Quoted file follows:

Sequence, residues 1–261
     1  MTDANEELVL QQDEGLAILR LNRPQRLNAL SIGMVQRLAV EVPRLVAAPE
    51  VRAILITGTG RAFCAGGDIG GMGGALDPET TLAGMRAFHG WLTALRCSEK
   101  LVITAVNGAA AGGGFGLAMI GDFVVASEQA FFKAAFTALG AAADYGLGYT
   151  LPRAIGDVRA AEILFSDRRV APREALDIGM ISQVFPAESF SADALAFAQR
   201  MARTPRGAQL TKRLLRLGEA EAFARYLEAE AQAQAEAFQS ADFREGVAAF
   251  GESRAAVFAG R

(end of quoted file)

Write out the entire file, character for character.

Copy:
Sequence, residues 1–261
     1  MTDANEELVL QQDEGLAILR LNRPQRLNAL SIGMVQRLAV EVPRLVAAPE
    51  VRAILITGTG RAFCAGGDIG GMGGALDPET TLAGMRAFHG WLTALRCSEK
   101  LVITAVNGAA AGGGFGLAMI GDFVVASEQA FFKAAFTALG AAADYGLGYT
   151  LPRAIGDVRA AEILFSDRRV APREALDIGM ISQVFPAESF SADALAFAQR
   201  MARTPRGAQL TKRLLRLGEA EAFARYLEAE AQAQAEAFQS ADFREGVAAF
   251  GESRAAVFAG R